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We learned that we can find gases in water. Can we ever find plasmas under water?
Answer 1:

Technically, we don't find gases in water. "Gas" is a state of matter, so a little pocket of gas could be surrounded by water, but then we call it a bubble. Instead, what we find is that some substances like oxygen or carbon dioxide, which would be gases under normal conditions, can be dissolved in water. But then they're not gases anymore, they're part of a liquid mixture or solution.

Plasmas would be the same as gases. Plasma is a state of matter which is so energetic that some or all of the atoms have had their electrons stripped off. Plasma is made of free electrons and the positively-charged atoms (ions) which are left behind when an electron leaves. This is too energetic a state to coexist with water. Either Plasma would boil the water, or the water would cool the plasma, or else the plasma would occur only within a bubble.

People who do underwater welding sometimes can sometimes generate Plasma under some conditions. But that only means that the water immediately surrounding the torch is boiling away faster than the water can cool the plasma. So there's actually no plasma in the liquid water itself, although the steam (gaseous water) can become part of the plasma. Otherwise the plasma just generates a bubble.

Answer 2:

I've looked around a bit and can't find too much information for or against.My best guess would be that it is not possible, since plasmas have much more energy than gases, and it would probably be very difficult to keep them stuck in the water. However, it is possible to have solid particles stuck inside a plasma, in industrial processing plasmas or space plasmas. These types of plasmas are called dusty plasmas. This would be another example of a colloid, which is when one state of matter is suspended in another state of matter - just like having a gas in water (a liquid).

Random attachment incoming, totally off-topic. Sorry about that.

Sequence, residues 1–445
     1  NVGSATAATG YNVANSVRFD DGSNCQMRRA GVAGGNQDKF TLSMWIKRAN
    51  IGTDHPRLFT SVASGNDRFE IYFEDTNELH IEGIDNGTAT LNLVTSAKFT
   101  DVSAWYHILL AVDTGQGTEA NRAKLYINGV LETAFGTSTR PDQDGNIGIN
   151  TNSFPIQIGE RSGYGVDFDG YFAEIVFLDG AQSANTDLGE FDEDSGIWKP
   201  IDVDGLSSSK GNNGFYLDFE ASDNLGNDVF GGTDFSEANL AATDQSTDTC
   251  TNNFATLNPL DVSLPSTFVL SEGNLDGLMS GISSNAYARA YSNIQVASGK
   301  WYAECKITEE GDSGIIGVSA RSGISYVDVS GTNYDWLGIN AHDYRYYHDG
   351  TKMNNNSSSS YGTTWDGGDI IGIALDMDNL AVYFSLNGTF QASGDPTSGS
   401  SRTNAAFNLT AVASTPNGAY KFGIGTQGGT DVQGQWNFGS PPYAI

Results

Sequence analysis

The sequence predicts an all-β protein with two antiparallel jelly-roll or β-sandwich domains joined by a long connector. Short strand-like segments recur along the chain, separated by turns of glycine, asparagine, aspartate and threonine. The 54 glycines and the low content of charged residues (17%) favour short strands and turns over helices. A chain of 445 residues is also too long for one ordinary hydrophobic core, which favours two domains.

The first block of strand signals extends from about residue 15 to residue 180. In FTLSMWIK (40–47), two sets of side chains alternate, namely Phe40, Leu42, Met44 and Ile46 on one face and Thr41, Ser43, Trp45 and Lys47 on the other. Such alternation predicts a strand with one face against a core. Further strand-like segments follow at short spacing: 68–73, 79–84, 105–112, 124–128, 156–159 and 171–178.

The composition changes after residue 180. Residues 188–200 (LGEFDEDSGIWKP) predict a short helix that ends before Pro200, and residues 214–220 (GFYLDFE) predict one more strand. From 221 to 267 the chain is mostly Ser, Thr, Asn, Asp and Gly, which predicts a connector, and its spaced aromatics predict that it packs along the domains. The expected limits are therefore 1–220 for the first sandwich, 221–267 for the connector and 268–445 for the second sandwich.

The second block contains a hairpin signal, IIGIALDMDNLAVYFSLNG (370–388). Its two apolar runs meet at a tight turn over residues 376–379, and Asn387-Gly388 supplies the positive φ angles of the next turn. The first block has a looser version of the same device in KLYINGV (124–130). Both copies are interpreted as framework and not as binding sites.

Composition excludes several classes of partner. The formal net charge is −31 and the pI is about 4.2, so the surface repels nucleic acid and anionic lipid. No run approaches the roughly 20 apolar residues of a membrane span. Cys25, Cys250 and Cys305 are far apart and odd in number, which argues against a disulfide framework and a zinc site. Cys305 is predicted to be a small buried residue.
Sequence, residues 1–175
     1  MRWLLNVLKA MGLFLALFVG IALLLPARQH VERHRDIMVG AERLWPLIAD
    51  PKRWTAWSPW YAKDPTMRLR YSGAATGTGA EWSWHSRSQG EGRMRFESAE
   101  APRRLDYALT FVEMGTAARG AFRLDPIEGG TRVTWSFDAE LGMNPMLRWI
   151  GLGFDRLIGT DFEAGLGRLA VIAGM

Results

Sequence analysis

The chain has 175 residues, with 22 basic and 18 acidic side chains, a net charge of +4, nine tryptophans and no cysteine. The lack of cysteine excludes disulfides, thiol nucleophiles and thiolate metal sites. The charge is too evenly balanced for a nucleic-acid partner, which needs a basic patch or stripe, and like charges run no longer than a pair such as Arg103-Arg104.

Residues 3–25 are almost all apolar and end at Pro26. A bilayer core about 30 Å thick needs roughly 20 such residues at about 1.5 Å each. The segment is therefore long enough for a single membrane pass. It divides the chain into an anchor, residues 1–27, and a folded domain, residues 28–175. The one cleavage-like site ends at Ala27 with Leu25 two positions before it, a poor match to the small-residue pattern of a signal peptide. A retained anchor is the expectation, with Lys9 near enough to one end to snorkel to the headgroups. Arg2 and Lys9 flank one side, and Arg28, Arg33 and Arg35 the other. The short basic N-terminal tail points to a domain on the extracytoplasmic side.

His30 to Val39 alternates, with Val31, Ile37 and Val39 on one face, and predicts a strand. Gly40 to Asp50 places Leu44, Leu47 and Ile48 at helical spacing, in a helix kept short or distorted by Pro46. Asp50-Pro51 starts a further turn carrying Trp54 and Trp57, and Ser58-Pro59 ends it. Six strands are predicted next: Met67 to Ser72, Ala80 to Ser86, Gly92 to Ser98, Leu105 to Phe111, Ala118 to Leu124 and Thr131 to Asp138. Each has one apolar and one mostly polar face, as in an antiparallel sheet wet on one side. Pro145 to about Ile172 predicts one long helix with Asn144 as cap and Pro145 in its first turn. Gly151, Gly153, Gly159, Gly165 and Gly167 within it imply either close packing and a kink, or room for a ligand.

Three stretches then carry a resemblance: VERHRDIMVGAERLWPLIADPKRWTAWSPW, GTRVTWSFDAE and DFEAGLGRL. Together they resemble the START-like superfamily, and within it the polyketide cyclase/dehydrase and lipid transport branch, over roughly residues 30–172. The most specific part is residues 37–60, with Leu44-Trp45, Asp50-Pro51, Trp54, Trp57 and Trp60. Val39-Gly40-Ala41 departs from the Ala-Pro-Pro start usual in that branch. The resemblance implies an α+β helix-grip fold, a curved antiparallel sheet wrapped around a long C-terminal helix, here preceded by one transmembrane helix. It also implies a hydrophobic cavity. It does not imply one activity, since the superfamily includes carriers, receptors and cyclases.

Answer 3:

Plasmas are by far the most common phase of matter in the universe, both by mass and by volume. All the stars are made of plasma, and even the space between the stars is filled with a plasma (a very sparse one). Common forms of plasma exist within gas phases such as the polar aurora and lightening. There are also lots of astrophysical plasmas like stars etc. Industrial plasmas include plasma displays (like Plasma TVs) and inside fluorescent and neon lamps. However, I dont know of and was not able to find any examples of plasma within a water phase.

Answer 4:


First off, gasses dissolve in water, but when they are dissolved they aren't technically gasses. They are dissolved solutes that become gasses if released.

Plasma is ionized matter, and to ionize matter you need temperatures of at least 3000K (about 5000Fahrenheit!). The boiling point of water is 373.15 K.Now, the boiling point does increase if you put water under pressure, but the water is still going to be lower temperature than the plasma. If the plasma is hot enough, it will ionize the water around it and make more plasma. This of course will cool the plasma off, and pretty soon it's not going to be hot enough to be ionized anymore, and it will stop being plasma.

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